Actually, licenses with the vendor for the electronic journal generally determine if you can use it
for ILL. This is in addition to Copyright restrictions that apply for articles in any format.
Copyright may allow it, through Fair Use or paying CCC fees, but if the license does not, then you
are in violation of the contract if you use it for ILL. Electronic format adds a fun layer of
contract law to the Copyright discussion.
ALIAS (Article Licensing Information Availability Service) is a generic license database that is
loaded with publicly available licenses from most of the publishers and providers. If you are
interested in seeing ALIAS, please go to the IDS Project page and download one of the presentations:
ALIAS is also available for any ILLiad library through the use of the Serials Solutions or SFX
Addons: https://prometheus.atlas-sys.com/display/ILLiadAddons/Addons+Directory .
Additionally, these addons can be configured to use the Copyright Clearance Center's Get It Now
The Toolkit entry on it:
The CCC Get-It-Now website is:
The Get It Now Service is a Purchase on Demand service from CCC and gives libraries another
option instead of paying Copyright fees which may be higher than purchasing the article.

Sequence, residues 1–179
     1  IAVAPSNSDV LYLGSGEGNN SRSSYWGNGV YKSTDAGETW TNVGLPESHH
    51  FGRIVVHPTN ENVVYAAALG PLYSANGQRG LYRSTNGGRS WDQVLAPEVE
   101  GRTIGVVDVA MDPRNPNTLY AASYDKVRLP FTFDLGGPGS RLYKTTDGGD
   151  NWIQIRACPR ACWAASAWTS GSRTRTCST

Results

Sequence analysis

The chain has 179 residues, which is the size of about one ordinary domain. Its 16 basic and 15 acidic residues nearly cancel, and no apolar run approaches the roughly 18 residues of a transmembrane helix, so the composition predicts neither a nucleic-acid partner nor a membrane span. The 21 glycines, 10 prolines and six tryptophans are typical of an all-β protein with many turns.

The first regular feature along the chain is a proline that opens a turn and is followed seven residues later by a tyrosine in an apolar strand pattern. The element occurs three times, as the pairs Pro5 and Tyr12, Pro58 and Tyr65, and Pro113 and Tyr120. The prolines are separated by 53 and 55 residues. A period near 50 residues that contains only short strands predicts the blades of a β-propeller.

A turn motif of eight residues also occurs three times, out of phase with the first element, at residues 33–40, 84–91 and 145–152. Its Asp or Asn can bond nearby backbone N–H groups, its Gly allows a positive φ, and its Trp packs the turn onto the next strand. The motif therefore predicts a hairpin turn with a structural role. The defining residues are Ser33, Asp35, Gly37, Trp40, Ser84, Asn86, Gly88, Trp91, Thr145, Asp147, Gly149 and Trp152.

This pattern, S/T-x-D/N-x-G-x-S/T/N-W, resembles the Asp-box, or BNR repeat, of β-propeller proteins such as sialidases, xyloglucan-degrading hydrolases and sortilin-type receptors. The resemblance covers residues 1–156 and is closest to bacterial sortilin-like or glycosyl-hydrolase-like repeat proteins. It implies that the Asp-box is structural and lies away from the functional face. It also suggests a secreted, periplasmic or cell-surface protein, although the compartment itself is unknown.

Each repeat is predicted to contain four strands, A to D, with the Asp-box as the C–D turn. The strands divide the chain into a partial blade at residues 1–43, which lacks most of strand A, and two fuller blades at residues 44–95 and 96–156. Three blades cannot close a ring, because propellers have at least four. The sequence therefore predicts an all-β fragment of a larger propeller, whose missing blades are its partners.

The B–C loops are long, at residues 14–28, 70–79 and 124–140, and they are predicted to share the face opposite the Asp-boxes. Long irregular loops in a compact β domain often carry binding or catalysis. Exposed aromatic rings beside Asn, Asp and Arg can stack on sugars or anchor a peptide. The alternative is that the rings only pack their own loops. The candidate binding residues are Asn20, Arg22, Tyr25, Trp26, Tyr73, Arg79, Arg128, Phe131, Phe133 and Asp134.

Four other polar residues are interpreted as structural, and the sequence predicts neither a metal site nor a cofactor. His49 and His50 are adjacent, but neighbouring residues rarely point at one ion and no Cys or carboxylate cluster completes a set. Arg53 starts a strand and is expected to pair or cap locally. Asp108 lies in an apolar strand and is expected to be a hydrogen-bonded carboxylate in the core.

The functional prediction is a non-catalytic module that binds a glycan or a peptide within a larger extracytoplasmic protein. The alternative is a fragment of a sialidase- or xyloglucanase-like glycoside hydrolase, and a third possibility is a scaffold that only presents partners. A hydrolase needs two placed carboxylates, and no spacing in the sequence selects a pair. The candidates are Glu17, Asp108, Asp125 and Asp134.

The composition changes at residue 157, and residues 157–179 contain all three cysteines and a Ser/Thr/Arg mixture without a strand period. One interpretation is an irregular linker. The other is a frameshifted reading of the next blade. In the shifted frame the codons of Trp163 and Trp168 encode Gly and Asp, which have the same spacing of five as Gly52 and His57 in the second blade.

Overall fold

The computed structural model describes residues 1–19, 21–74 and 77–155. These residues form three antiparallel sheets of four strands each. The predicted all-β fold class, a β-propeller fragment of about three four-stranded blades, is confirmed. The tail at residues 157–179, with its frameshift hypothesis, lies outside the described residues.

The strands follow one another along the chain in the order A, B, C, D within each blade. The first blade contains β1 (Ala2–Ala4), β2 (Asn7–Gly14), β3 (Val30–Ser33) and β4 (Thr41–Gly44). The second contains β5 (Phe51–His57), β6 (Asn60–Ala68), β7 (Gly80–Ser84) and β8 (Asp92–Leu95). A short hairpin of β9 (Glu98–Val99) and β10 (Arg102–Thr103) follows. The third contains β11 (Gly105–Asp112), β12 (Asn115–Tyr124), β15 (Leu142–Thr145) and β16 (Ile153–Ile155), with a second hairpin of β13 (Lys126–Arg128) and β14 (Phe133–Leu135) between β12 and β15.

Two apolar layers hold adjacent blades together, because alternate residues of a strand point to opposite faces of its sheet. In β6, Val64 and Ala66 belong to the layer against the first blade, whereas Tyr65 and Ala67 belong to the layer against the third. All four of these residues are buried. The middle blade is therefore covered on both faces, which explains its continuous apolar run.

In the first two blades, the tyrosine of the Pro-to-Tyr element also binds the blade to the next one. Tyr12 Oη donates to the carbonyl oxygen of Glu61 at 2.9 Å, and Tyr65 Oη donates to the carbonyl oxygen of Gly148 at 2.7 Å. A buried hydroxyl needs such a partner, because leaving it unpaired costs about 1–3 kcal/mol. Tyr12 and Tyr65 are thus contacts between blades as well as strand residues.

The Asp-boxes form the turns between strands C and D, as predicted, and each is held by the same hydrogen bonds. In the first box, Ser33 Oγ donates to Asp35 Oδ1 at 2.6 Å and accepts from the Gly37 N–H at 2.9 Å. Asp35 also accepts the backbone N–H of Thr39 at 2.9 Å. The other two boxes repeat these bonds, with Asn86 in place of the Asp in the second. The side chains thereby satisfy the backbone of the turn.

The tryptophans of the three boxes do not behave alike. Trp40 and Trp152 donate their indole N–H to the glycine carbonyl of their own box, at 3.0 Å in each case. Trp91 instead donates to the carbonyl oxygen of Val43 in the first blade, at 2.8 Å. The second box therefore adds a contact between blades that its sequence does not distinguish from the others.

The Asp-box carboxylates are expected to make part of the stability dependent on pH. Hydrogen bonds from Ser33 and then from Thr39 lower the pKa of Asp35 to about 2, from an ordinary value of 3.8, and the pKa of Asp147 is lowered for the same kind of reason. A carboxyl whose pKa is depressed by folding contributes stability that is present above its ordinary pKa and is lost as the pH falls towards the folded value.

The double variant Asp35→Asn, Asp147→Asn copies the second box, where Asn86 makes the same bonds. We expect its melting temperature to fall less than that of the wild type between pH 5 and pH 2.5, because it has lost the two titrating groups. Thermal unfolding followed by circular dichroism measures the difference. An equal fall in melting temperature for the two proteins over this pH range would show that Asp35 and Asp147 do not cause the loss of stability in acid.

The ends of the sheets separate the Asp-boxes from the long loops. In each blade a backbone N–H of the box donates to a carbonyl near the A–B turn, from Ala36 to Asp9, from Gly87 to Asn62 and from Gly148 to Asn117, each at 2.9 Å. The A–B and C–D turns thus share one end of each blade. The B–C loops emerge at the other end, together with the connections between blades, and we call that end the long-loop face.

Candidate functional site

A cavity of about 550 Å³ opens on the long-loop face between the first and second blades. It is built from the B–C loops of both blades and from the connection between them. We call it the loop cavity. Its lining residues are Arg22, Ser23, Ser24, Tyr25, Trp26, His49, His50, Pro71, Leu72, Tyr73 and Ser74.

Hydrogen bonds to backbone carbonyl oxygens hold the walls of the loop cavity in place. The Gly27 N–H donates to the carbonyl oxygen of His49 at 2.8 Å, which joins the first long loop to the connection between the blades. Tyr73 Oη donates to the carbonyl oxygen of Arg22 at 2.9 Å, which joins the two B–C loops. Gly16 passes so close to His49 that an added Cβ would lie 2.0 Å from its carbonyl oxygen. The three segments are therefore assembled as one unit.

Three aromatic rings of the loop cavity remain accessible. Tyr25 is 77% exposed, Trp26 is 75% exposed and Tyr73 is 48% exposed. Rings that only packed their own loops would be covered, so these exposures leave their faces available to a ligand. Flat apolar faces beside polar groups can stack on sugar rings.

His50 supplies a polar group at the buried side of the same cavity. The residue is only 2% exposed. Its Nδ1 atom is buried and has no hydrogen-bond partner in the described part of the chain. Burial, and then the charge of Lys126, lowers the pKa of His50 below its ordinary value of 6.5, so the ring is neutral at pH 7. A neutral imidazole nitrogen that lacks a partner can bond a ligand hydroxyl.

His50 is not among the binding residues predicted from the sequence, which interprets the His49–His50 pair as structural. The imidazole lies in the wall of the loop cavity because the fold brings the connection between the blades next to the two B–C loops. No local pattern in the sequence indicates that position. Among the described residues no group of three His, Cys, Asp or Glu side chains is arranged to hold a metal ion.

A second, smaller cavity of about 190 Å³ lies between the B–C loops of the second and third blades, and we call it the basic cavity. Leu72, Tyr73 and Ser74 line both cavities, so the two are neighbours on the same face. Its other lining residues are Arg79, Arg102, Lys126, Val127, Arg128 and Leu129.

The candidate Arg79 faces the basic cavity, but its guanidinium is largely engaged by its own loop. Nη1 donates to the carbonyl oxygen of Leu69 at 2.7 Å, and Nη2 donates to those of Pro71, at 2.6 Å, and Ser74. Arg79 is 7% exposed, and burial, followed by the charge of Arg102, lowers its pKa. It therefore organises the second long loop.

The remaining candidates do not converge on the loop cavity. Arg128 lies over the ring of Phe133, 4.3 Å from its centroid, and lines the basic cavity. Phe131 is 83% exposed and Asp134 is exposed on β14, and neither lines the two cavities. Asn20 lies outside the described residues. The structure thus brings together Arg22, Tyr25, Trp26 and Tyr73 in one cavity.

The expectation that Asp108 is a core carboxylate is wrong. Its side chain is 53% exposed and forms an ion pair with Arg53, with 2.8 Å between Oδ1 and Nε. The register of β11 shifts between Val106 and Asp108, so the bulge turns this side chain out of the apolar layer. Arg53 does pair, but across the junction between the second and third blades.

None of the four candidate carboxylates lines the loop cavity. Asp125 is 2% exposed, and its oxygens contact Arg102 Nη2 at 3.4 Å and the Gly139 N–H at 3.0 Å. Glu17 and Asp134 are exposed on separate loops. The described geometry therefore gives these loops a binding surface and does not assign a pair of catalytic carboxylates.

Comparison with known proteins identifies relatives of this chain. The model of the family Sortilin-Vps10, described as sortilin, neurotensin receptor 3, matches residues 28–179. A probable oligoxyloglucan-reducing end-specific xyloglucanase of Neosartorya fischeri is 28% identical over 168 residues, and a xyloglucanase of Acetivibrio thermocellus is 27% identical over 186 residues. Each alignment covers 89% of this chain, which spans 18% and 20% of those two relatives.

Hope that helps a little bit,
Systems Administrator for the College Libraries
1 College Circle
Geneseo, NY 14454
On 5/7/2011 3:52 PM, Simon Spero wrote:
> On Sat, May 7, 2011 at 7:06 AM, karim boughida<[log in to unmask]> wrote:
>> Don't be dismissive so fast. You may go back and do your homework. Check
>> with your Counsel or literature. What's happening here is a work
>> around LEGAL realities.
> [I am not a lawyer.]
> It's always a good idea to check with counsel, but it's a good idea to make
> sure that you talk to the right person in counsel's office since this is a
> relatively niche area of copyright law, and restrictions on single article
> ILL are more likely to arise in contract rather than under copyright, in
> which case they may have to check the specific provisions for each
> The right to make a copy of a single article from a periodical or collection
> for ILL are granted under 17 USC § 108 (d) and (g). The only specific
> restriction on the use of digital formats comes in section (b) (which covers
> unpublished works). It's hard to see how printing then scanning helps make
> legal anything that would be otherwise illegal under 108, so it would seem
> to be a licensing issue.
> Exit question: printing an article creates one perfected copy; scanning
> the printout creates a second copy, both as part of the same transaction.
> 108 (d)/(g) only authorize a single copy in this situation. Is this relying
> on fair use to cover the printed copy (which I assume is immediately
> destroyed unread once the scanning is complete?)